Twelve militants of Islamic Jihad Mujahideen Jamaat grouping detained in KaliningradSociety & Culture April 27, 2:14
Russian Prosecutor General’s Office finds another 3 NGOs to be undesirableRussian Politics & Diplomacy April 26, 21:42
Moscow ‘seriously concerned’ about Turkish airstrikes in Iraq, SyriaRussian Politics & Diplomacy April 26, 20:55
North Korea ‘neither fears war nor wants to avoid it,’ says country’s UN missionWorld April 26, 20:37
Russia’s Emergencies Ministry to continue helping Serbia in mine clearance in 2017Military & Defense April 26, 20:20
Putin says Russia, China maintain relations at 'unprecedentedly high level'Russian Politics & Diplomacy April 26, 20:02
Polls shows number of happy Russians at record-breaking historic highSociety & Culture April 26, 19:27
IS recruiting Taliban fighters in Afghanistan — Russia’s General StaffMilitary & Defense April 26, 18:49
Coffin with presumed remains of 19th century Russian general dug up in TurkeySociety & Culture April 26, 18:26
WASHINGTON, August 20. /TASS/. China "inherently presents a fundamental challenge to American strategy", "a much subtler problem than that of the Soviet Union," a patriarch of American foreign policy, Henry Kissinger, said in an interview with the National Interest magazine.
Dismissing a notion that the US had itself created a Frankenstein by ‘creating the opening to China’, the former secretary of state said: "A country that has had three thousand years of dominating its region can be said to have an inherent reality".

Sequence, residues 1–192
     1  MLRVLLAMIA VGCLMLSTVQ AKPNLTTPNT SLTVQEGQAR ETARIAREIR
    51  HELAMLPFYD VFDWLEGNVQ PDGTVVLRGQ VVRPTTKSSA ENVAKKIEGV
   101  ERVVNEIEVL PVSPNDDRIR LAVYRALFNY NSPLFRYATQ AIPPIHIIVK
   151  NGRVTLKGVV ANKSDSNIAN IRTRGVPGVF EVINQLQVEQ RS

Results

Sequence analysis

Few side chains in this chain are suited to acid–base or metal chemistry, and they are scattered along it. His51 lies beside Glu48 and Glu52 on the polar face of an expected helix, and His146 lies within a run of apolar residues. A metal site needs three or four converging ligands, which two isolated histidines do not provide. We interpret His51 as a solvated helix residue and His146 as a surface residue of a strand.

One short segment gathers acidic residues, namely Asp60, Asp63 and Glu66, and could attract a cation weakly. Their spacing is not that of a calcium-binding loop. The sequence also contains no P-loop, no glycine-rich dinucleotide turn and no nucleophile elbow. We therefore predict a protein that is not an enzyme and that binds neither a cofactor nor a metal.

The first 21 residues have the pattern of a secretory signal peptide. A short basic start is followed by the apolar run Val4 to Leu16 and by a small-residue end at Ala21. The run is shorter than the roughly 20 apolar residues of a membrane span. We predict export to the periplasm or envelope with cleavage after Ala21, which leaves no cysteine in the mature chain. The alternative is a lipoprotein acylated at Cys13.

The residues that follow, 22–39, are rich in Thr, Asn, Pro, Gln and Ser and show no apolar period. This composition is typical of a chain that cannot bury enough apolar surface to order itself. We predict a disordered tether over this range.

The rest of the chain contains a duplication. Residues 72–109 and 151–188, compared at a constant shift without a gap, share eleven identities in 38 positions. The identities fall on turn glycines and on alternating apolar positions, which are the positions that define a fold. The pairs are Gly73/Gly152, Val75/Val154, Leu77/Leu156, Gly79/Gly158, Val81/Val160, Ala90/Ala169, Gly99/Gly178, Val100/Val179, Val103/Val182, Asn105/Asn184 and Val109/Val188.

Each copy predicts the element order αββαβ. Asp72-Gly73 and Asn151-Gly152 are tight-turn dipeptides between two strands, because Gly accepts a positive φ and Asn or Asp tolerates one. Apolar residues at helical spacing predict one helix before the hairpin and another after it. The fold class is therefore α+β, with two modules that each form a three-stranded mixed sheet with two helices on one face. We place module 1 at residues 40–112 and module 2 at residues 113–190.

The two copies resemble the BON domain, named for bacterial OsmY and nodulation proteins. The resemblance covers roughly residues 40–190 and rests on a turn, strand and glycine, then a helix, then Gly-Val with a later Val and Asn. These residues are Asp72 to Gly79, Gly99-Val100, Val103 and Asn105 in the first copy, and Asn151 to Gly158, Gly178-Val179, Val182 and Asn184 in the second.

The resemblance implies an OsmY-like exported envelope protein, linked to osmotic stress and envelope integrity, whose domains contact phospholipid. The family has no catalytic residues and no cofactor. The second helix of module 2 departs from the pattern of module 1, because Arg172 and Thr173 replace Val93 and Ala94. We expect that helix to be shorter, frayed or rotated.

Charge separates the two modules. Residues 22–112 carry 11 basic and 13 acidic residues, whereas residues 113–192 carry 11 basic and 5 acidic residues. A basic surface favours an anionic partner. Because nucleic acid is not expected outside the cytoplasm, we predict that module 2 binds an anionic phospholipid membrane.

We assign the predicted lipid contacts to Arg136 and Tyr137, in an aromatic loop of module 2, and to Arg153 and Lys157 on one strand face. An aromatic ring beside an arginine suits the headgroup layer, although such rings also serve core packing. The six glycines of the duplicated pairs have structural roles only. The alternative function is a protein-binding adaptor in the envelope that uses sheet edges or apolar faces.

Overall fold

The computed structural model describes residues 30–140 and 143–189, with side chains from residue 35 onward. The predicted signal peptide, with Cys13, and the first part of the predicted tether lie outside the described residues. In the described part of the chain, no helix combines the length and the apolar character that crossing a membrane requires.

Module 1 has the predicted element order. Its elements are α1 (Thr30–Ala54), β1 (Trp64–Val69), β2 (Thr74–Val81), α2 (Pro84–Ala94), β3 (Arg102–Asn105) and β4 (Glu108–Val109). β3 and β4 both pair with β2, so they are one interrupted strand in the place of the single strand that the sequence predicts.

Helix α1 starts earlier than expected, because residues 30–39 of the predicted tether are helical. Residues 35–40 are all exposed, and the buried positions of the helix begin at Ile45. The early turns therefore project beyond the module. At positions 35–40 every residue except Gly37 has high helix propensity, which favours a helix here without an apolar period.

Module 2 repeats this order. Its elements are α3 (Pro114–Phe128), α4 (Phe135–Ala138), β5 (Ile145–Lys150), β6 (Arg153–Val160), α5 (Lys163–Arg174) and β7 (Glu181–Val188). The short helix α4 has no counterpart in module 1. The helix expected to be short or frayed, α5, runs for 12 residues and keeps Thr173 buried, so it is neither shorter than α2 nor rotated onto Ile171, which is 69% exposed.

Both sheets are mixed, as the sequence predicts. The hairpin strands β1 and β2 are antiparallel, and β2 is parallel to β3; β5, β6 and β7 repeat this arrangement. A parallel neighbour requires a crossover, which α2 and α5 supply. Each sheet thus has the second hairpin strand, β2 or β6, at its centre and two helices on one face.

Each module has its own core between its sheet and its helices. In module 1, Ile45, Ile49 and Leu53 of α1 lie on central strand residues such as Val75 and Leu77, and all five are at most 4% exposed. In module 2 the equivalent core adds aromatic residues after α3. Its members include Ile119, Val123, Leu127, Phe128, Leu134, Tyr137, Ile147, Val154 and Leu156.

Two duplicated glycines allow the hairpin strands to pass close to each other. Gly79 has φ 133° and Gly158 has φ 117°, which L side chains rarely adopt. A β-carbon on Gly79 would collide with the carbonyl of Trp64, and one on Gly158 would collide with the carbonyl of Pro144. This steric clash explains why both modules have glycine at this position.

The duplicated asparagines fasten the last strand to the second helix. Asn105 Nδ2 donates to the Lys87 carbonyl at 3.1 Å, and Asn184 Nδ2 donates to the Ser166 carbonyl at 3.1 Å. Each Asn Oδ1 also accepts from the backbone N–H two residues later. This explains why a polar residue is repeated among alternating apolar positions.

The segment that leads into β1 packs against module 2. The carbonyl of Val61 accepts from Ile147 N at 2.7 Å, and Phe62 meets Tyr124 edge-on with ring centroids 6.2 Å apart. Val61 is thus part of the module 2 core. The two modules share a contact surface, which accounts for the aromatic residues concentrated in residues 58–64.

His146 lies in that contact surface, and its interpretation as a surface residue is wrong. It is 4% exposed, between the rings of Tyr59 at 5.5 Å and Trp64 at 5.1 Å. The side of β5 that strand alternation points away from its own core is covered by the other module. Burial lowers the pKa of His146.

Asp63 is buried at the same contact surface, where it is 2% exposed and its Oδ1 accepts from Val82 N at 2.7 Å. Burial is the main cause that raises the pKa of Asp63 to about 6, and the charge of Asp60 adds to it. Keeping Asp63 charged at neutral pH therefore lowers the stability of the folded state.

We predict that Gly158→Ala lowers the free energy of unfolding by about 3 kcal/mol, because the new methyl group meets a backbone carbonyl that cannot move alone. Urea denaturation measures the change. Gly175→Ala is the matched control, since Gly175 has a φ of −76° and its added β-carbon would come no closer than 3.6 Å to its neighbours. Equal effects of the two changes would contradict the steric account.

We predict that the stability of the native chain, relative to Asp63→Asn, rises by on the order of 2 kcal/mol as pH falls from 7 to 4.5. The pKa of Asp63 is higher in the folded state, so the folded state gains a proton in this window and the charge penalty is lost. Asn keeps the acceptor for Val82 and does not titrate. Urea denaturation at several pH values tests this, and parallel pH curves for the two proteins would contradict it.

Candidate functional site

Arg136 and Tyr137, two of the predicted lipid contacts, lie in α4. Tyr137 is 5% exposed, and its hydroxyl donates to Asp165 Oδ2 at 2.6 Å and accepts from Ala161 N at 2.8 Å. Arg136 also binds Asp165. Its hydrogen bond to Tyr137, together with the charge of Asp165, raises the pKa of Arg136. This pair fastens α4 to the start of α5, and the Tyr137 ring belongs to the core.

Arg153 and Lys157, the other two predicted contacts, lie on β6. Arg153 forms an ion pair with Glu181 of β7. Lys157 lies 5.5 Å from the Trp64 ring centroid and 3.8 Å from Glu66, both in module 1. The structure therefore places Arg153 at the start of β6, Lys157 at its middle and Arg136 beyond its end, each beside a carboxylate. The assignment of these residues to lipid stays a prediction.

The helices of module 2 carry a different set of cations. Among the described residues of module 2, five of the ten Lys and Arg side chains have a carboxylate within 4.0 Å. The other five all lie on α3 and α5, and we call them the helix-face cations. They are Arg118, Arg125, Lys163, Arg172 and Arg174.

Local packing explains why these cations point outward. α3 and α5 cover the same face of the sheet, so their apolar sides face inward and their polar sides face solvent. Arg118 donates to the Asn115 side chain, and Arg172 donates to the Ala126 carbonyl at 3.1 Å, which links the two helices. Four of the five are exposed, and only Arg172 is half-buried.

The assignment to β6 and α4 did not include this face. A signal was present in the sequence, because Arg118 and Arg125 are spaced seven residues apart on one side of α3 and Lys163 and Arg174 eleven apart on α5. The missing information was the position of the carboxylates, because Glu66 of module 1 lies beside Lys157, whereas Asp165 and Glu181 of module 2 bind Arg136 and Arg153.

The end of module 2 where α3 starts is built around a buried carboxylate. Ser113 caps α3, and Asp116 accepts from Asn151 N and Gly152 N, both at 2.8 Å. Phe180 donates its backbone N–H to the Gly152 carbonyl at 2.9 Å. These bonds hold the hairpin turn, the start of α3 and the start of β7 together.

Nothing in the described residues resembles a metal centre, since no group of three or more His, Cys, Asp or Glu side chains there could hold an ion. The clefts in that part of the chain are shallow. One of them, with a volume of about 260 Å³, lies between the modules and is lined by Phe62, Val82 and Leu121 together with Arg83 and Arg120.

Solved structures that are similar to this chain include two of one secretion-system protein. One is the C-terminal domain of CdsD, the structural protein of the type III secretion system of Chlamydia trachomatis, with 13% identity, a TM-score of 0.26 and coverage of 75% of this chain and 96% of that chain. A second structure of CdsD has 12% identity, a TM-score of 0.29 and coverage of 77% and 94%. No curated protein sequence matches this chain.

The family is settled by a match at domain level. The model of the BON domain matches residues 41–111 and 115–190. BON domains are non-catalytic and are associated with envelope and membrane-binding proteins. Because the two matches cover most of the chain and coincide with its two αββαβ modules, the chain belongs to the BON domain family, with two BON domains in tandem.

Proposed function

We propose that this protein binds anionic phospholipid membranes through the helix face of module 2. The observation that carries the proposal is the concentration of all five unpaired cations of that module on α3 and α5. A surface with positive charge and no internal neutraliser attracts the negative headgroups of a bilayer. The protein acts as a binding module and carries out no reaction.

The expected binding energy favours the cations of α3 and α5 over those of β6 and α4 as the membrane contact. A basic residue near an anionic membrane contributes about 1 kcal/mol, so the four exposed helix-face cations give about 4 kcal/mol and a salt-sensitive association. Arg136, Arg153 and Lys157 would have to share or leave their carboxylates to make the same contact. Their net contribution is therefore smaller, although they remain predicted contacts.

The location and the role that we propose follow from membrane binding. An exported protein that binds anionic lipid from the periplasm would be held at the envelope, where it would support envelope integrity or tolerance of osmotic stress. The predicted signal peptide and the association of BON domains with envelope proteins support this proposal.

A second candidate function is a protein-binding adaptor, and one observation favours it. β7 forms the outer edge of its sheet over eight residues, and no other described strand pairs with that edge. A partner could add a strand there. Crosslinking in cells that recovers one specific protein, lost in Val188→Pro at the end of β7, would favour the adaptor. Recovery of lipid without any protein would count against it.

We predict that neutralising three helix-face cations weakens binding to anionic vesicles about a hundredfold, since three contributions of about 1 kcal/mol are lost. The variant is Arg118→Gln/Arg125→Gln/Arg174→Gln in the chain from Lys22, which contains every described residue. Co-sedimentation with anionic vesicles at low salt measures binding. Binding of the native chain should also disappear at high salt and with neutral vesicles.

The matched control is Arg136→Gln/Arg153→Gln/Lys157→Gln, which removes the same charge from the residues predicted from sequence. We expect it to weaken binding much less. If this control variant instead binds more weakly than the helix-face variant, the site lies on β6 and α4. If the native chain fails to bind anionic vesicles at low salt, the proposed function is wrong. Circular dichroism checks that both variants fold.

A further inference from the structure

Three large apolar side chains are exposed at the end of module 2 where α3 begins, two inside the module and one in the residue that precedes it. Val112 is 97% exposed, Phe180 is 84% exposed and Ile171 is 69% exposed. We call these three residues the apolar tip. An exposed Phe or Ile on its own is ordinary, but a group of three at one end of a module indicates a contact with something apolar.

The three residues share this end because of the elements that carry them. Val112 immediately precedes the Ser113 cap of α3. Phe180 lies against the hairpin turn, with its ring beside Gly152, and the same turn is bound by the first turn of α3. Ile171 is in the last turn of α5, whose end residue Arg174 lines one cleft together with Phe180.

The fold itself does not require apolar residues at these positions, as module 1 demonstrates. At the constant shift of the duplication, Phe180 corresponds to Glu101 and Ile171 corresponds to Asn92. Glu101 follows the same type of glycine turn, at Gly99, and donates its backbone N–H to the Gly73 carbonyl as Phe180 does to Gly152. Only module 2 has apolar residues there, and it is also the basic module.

"The alternative would have been to keep China permanently subdued in collusion with the Soviet Union, and therefore making the Soviet Union-already an advanced nuclear country-the dominant country of Eurasia with American connivance," he noted.
"But China inherently presents a fundamental challenge to American strategy," he said in the interview.
In reply to the question whether he saw Beijing’s aspirations as Sinocentric, or whether they could be "integrated into some sort of Westphalian framework", Henry Kissinger said "That’s the challenge. That’s the open question. It’s our task".
"We’re not good at it, because we don’t understand their history and culture," he admitted.
"I think that their basic thinking is Sinocentric. But it may produce consequences that are global in impact," Kissinger said.
"Therefore, the challenge of China is a much subtler problem than that of the Soviet Union. The Soviet problem was largely strategic. This is a cultural issue: Can two civilizations that do not, at least as yet, think alike come to a coexistence formula that produces world order?" he summed up.
The National Interest’s editor, Jacob Heilbrunn, spoke with Henry Kissinger in July.